Journal Article

Signalling pathways involved in nicotine regulation of apoptosis of human lung cancer cells.

W L Heusch and R Maneckjee

in Carcinogenesis

Volume 19, issue 4, pages 551-556
Published in print April 1998 | ISSN: 0143-3334
Published online April 1998 | e-ISSN: 1460-2180 | DOI:
Signalling pathways involved in nicotine regulation of apoptosis of human lung cancer cells.

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Although nicotine has been implicated as a potential factor in the pathogenesis of human lung cancer, its mechanism of action in the development of this cancer remains largely unknown. The present study provides evidence that nicotine (a) activates the mitogen-activated protein (MAP) kinase signalling pathway in lung cancer cells, specifically extracellular signal-regulated kinase (ERK2), resulting in increased expression of the bcl-2 protein and inhibition of apoptosis in these cells; and (b) blocks the inhibition of protein kinase C (PKC) and ERK2 activity in lung cancer cells by anti-cancer agents, such as therapeutic opioid drugs, and thus can adversely affect cancer therapy. Nicotine appears to have no effect on the activities of c-jun NH2-terminal protein kinase (JNK) and p38 MAP kinases, which have also been shown to be involved in apoptosis. While exposure to nicotine can result in the activation of the two major signalling pathways (MAP kinase and PKC) that are known to inhibit apoptosis, nicotine regulation of MAP (ERK2) kinase activity is not dependent on PKC. These effects of nicotine occur at concentrations of 1 microM or less, that are generally found in the blood of smokers, and could lead to disruption of the critical balance between cell death and proliferation, resulting in the unregulated growth of cells. The findings suggest caution in the use of smokeless tobacco products to treat smoking addiction, as they could have a potentially deleterious effect in patients with undetectable early tumour development.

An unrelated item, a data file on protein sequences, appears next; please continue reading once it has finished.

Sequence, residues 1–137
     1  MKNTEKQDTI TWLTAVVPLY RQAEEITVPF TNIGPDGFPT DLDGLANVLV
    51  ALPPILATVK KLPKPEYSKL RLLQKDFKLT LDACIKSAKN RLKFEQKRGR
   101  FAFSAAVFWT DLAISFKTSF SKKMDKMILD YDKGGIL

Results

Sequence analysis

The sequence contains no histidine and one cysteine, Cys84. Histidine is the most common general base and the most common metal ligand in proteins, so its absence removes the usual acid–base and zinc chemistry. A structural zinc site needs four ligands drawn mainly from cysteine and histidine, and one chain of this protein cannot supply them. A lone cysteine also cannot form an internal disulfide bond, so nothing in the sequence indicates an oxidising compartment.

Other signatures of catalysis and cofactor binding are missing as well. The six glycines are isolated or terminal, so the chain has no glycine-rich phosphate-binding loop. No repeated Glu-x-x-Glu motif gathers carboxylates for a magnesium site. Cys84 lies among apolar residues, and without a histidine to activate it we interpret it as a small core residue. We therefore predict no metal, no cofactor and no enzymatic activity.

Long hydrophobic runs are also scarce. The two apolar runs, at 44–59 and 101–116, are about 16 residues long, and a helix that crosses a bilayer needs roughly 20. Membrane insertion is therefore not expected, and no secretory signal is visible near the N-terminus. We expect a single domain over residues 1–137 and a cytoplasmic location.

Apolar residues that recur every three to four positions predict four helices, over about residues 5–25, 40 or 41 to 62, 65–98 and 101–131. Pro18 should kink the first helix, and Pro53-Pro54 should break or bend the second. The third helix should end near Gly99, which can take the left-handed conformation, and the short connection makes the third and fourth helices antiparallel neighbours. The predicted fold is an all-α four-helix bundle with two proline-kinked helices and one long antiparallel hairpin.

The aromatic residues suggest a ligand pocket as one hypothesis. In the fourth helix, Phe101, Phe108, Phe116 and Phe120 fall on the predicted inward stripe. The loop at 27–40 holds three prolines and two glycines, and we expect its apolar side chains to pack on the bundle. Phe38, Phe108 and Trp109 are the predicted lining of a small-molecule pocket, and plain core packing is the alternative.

Journal Article.  0 words. 

Subjects: Clinical Cytogenetics and Molecular Genetics

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